Artist Introduction: Justin Hillgrove

I wasJustin Hillgrove_Precious Cargo first introduced to Justin Hillgrove and his art at one of many art fairs in Seattle. He was painting his wonderful imps, monsters and robots while people flocked to his busy booth. I’ve been an avid collector ever since this chance meeting.

Hillgrove is mostly self-taught as an artist, having started at a very young age, and was in the design industry prior to becoming a full-time artist. Since then, he’s been the artist-in-residence at the Schulz Museum, painted fabulous murals for Facebook in both Seattle and London, and launched his own indie table top game, Junk Spirit Games.Justin Hillgrove_The Wood Spirit_Tribute

Hillgrove produces larger than life characters, each with its own story waiting to be told. He has an inviting familiarity in his art, with a sense of humor that doesn’t take itself too seriously. This can especially be seen in his parody and tribute series of work. His creativity is intriguing enough to capture the adult heart and friendly enough to hang in your child’s room.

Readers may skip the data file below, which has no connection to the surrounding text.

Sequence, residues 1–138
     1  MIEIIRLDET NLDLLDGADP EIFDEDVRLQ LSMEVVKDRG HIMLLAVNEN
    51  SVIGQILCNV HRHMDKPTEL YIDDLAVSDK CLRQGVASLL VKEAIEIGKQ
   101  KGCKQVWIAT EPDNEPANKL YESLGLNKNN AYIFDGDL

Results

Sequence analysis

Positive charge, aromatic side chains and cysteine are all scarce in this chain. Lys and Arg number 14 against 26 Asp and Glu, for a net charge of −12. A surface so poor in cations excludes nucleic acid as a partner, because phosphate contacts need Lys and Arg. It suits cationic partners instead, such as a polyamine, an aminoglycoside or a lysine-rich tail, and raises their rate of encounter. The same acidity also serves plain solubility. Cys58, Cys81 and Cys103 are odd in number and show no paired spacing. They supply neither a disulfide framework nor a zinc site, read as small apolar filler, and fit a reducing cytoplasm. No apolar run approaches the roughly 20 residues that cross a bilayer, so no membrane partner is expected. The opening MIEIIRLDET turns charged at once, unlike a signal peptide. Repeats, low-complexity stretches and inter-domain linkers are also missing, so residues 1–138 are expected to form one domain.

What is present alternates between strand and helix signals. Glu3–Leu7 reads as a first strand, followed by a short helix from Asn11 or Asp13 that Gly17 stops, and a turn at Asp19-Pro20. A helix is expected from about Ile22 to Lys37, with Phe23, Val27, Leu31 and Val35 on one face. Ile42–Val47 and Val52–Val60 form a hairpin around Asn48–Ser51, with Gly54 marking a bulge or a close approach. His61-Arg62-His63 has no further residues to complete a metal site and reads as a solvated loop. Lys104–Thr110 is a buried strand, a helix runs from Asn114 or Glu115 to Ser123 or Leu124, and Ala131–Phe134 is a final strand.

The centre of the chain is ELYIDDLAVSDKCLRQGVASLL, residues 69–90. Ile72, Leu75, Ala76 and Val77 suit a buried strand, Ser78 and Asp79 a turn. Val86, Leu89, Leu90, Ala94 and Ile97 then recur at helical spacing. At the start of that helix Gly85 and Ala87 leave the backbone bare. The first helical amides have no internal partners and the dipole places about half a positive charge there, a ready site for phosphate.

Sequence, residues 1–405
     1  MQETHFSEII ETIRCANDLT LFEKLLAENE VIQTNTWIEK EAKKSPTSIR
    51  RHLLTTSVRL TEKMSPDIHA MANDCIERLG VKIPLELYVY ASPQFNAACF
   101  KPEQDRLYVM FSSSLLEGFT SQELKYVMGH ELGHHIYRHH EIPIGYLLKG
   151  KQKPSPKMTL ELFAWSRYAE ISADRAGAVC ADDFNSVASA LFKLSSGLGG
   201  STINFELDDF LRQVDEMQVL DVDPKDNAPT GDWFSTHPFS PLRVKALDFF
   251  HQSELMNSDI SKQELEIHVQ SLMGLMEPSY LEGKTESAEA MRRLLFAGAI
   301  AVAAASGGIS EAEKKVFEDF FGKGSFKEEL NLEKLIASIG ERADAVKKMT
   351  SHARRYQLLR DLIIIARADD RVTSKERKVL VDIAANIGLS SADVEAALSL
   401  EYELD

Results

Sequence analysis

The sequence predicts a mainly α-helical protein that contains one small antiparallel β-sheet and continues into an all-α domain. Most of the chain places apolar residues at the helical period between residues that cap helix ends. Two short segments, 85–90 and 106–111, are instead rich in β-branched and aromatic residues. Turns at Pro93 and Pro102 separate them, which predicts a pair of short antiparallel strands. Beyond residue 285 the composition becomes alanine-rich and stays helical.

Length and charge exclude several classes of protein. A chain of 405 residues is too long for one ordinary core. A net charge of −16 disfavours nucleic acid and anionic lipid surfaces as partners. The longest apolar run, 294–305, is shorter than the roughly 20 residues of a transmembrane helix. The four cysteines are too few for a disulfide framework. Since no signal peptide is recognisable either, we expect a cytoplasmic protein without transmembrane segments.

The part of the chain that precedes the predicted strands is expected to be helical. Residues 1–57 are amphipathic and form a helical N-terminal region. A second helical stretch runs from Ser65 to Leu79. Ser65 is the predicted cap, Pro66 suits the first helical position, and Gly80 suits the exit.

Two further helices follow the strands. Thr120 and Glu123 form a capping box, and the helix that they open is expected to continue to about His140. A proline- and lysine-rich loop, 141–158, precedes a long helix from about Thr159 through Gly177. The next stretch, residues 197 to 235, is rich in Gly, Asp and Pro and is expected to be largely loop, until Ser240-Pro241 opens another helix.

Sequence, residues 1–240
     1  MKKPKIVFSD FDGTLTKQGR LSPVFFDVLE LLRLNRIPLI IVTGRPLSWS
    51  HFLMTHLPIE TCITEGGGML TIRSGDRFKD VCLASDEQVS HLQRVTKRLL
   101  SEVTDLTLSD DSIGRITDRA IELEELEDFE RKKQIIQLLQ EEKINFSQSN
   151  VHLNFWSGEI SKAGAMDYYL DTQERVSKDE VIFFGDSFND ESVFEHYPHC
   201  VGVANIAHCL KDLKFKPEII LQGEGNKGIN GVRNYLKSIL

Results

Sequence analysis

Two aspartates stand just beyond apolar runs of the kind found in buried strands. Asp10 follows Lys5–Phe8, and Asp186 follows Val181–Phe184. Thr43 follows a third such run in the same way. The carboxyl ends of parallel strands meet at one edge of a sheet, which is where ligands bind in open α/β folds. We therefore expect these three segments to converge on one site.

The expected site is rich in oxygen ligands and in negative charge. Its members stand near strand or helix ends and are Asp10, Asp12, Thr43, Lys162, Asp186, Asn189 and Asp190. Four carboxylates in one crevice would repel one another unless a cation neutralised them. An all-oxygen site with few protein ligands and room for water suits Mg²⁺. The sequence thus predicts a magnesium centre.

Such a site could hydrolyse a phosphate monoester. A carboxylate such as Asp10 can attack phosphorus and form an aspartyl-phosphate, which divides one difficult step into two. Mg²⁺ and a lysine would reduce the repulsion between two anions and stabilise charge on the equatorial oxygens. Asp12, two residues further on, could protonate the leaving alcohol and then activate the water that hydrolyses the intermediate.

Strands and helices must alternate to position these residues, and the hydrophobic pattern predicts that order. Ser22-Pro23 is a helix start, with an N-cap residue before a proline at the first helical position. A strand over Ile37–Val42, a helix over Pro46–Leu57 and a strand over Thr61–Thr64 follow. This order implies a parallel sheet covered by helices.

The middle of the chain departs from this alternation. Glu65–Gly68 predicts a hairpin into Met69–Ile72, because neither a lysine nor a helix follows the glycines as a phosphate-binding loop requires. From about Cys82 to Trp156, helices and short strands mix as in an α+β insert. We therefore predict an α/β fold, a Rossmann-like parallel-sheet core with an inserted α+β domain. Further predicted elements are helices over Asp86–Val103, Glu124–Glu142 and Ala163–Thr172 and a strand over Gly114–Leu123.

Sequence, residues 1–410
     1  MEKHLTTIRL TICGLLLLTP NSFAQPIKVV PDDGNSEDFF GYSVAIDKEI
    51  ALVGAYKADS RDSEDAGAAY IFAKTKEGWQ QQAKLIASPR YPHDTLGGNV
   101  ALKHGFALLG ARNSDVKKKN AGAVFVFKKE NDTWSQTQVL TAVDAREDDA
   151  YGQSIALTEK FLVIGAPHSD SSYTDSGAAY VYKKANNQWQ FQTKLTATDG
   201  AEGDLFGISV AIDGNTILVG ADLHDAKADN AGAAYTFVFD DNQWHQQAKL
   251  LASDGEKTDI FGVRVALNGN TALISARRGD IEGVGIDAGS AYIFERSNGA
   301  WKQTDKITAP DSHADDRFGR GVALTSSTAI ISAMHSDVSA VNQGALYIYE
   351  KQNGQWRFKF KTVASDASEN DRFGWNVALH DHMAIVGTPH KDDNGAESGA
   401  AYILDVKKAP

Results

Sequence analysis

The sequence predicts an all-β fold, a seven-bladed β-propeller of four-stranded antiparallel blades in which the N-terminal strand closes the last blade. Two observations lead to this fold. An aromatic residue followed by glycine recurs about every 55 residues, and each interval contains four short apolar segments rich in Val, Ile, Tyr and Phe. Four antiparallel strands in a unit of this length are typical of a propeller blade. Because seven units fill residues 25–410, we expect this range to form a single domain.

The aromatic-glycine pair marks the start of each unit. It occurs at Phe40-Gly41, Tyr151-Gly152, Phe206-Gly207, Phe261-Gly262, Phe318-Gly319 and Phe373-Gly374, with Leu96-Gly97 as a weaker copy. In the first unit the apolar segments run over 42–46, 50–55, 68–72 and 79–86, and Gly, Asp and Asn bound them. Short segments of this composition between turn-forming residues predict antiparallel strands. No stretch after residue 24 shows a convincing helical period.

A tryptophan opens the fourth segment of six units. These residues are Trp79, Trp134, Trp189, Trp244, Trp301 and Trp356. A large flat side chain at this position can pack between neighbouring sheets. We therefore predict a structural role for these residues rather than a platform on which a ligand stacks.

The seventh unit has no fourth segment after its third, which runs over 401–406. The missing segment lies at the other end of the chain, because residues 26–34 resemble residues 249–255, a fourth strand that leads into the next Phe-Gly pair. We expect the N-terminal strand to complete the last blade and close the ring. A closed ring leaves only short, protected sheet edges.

His character design draws inspiration from Miyazaki / Studio Ghibli, and Sendak. Sendak’s influence is seen in Hillgrove’s line work and sketches, while Miyazaki / Studio Ghibli shines through in the child like wonder that seeps through his designs.

Justin Hillgrove_The Doomicorn

 

My favorite part of Hillgrove’s work, besides its clean playfulness, is just the amount of soul that each depiction possesses. Each piece seems to be a snapshot in time, a window into a moment in the life of each character. There’s a sense of momentum because of this, that there’s a story behind what we’re seeing, if only the picture would show us what’s next, or what just occurred. His skill for creature design and implied world building in each piece is spot on.

Advertisements

Leave a Reply

This site uses Akismet to reduce spam. Learn how your comment data is processed.